EAST PALO ALTO (KPIX) -- The stories came from just about everyone: community members, local leaders, even law enforcement officers. This was a listening session, the subject was race and here to listen was Salvatore Cordileone, Archbishop of San Francisco.
"It dawned on me when I saw my cousin getting beat with a long black-handled flashlight by an LA County deputy sheriff," said Derek Gaskins, recounting a story from his childhood.
"I've kind of been through this before where there was a lot of hope because we were starting discussions," said another speaker. "But then it sort of died out."
"It's like, throughout my whole life it's been a march," said Halley Crumb. "It's been a wrongful death. It's been someone getting shot. I feel that right now, through 2020, we're getting ... a bigger light and the light is shining on what's been wrong."
After nearly two hours of listening, the archbishop spoke.
"I don't know what that's like, growing up in an inner-city neighborhood and being shot at and running away and seeing my friend next to me falling," said Archbishop Cordileone. "I don't know what it's like growing up as a child in an inner-city neighborhood and the fear and sense of resentment upon seeing the police."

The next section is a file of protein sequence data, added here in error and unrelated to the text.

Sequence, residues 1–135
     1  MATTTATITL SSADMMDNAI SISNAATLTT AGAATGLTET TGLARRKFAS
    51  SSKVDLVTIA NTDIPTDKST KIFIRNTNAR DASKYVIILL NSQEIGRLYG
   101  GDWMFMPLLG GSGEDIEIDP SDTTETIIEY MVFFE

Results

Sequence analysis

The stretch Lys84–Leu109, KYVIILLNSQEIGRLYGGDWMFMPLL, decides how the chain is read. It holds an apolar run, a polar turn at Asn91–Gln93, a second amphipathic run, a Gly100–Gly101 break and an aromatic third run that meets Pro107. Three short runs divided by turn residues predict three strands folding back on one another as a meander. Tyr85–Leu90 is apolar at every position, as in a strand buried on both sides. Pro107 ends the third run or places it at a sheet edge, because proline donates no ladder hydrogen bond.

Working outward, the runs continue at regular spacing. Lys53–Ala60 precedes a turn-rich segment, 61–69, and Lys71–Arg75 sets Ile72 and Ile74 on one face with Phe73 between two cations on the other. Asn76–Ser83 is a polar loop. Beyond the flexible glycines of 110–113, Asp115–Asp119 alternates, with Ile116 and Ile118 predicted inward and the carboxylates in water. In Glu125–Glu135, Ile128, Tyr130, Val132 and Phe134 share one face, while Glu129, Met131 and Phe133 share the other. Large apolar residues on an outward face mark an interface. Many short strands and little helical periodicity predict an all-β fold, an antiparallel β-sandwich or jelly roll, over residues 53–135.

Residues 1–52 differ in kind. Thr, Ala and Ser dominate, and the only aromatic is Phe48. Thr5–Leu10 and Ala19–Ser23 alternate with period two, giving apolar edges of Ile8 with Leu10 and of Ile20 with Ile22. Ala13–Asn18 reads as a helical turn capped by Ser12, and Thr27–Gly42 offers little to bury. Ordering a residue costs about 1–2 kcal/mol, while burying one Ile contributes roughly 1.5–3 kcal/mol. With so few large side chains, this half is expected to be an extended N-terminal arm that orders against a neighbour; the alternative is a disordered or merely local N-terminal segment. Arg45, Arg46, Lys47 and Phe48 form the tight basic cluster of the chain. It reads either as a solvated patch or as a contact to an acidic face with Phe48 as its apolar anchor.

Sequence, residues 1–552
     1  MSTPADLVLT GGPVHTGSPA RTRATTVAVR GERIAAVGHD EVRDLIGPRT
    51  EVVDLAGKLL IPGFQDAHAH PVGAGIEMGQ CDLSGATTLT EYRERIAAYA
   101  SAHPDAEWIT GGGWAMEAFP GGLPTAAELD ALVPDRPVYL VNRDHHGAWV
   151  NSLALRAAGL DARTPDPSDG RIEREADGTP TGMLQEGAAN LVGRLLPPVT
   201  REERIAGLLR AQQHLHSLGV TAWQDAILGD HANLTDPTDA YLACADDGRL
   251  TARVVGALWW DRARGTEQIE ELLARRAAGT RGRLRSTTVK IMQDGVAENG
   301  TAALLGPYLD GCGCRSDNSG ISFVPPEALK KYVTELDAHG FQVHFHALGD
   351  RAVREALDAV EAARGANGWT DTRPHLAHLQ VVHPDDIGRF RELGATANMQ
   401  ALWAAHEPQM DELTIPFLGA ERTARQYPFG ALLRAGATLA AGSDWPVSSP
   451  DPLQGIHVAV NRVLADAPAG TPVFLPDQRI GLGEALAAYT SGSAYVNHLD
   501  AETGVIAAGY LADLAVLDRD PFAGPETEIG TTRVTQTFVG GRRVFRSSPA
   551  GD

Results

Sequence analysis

Cordileone said he has spent recent months studying and reflecting on these issues and he prefaced his next comments by describing them as a work in progress, warning that they might make some in the crowd uncomfortable.
"Systemic racism, in my own mind, are cultural attitudes that get so ingrained that it blinds people in the group that have the advantage to the injustices they inflict on those who do not have that advantage," Cordileone said.
From there, he broadened the discussion to issues of family and directly mentioned abortion.
"It's hard to say but it needs to be said," Cordileone said. "I think about how Planned Parenthood targets black communities."
Saturday's event was part of a larger outreach effort by the church on these issues. Christoper Major is coordinator of the African American Ministry.
"My father was the first code enforcer in East Palo Alto," Major explained. "He went away from us last year so, to be standing here as a son, to continue this work -- I'm bringing people together in unity -- is a blessing."
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